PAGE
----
Enjoy The Holiday Season While Being Financially Responsible
STUDIO CITY (KCAL9) — You can enjoy the holidays without financial stress.
Casey Mervine, a financial consultant from Charles Schwab, stopped by KCAL9 Thursday to give tips on how to enjoy the holiday season while still being financially responsible.
Tips to ensure an enjoyable and financially responsible holiday season:
Develop a spending game plan:
- Create a budget and begin to set aside money for upcoming big-ticket items from gifts to holiday meals and celebrations.
- If you’re having trouble staying on track, use a spending tracker to record each of your purchases.
- It will help you see precisely where your money is going and give your ideas on where to make changes (or budget corrections) throughout the season.
Turn Spending Into Saving:
- Instead of giving ties and socks this holiday season, you can reap potential tax benefits if you open or contribute to your kids’ or grandkids’ college savings plan of any sort before the year ends. One option, for example, is a 529 College Savings plan, a state-sponsored program. Advantages to this option include:
- Earnings in a 529 plan grow federally tax-deferred, which means your money has a chance to compound faster because you don’t have to pay taxes on current investment income or capital gains.
- Also, if you invest in your own state’s 529 plan, you may benefit from state income tax deductions on contributions or state tax exemptions on withdrawals.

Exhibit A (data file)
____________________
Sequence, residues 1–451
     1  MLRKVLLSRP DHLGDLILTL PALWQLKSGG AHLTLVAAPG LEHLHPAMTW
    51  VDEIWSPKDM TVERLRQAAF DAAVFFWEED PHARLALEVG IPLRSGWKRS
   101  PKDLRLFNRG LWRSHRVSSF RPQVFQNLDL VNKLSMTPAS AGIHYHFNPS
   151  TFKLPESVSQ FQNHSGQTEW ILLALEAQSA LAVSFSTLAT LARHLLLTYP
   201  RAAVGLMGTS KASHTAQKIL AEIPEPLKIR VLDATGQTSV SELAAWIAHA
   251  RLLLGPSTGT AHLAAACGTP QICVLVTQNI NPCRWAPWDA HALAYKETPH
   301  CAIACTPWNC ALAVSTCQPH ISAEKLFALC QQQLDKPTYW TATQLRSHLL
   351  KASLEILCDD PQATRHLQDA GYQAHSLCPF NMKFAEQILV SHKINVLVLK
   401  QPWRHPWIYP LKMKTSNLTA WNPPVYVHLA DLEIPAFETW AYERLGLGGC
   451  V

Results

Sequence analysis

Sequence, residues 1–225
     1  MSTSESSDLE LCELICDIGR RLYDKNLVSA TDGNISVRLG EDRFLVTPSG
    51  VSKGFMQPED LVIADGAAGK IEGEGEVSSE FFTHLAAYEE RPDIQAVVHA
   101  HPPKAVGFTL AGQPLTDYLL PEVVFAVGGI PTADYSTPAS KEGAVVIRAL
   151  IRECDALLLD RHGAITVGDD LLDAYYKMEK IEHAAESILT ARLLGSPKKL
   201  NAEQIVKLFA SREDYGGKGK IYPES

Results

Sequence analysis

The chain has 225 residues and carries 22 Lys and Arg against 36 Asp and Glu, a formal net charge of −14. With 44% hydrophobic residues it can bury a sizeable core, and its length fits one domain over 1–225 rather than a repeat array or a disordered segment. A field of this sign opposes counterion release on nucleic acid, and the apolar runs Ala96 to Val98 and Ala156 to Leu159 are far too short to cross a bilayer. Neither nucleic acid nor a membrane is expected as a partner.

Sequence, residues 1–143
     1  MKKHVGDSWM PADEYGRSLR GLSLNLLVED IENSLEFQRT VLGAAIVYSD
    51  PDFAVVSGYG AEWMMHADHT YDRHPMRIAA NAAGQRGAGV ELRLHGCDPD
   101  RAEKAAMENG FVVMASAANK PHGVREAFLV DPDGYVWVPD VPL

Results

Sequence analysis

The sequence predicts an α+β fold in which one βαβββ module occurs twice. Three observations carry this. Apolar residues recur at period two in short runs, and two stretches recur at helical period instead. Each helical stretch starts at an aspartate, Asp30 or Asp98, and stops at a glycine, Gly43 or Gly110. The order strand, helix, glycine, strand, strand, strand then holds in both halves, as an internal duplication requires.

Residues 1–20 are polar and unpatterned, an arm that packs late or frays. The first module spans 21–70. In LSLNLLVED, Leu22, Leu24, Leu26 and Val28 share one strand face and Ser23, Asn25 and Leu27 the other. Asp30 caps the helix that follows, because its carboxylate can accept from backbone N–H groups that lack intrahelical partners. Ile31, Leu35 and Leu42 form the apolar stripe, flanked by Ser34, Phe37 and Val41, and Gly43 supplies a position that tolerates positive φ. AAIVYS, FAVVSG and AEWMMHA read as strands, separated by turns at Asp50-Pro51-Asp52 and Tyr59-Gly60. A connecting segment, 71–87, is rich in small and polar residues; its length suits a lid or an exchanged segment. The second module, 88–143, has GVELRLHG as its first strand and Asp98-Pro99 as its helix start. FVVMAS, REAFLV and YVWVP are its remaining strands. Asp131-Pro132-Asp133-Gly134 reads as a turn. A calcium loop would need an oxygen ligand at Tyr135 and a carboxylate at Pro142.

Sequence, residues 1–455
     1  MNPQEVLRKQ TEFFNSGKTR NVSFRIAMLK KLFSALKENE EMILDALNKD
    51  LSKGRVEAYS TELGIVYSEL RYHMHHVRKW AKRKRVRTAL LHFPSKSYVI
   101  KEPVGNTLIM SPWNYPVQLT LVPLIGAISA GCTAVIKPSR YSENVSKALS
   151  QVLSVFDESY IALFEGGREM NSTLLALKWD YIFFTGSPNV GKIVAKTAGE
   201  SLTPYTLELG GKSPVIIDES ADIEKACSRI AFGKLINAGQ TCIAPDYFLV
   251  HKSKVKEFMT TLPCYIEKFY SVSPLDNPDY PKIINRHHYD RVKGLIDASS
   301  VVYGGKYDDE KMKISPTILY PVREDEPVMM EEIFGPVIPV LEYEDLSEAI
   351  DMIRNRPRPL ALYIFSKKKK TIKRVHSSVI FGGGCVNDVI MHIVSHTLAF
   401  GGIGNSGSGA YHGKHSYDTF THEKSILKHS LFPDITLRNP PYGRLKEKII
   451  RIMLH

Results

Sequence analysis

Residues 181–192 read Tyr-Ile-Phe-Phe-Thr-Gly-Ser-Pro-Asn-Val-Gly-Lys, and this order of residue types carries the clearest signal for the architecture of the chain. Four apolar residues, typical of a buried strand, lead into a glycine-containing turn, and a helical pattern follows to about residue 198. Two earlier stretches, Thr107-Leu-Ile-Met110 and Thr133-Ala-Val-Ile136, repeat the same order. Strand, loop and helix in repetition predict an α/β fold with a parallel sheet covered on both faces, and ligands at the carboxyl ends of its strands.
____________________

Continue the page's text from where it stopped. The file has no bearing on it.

- Here’s another tax advantage: You can contribute a lump sum of up to $70,000 to one or more 529 plans in a single year (a married couple can contribute $140,000) without incurring the gift tax—the IRS views the money as an annual $14,000 (or $28,000 for spouses) gift over five years, excluded from gift taxes.
- Skip the gift exchange and choose a charity. Remember, your financial donations (money and appreciated stock) are tax-deductible, as are donations of goods (clothes, books, etc.) to qualified charities.
- The standard deduction for tax year 2013 is $6,100 for singles; $12,200 for married filing jointly. For public charities (churches or schools for example) you can deduct up to 50% of your adjusted gross income; for private charities (private foundations), 30%.
- Whether or not your charitable contribution is fully tax deductible depends on its form. Possible contributions include:
- Cash: This is usually fully deductible, up to 50 percent of your adjusted gross income.
- Tangible personal property: This can include used clothing and household items, even cars.
- Income property: Includes items created or used in a trade or business.
- Long-term capital gain property: If you donate appreciated long-term assets such as stocks, bonds or mutual funds you’ve held for more than one year, you can usually deduct the full market value of your donation, up to 30% of your adjusted gross income.
- These things can be tricky, so if you’re making large contributions, I’d check IRS publication 526 for details or talk to your tax professional.
Talk to a professional:
- The holidays are an overwhelming time for many, but one way to plan ahead and check one item off your list is to talk to a financial professional about strategies and options to plan and budget for your holiday finances.
- For additional resources and budgeting tools, you can visit SchwabMoneyWise.com and click the “Calculators & Resources” tab.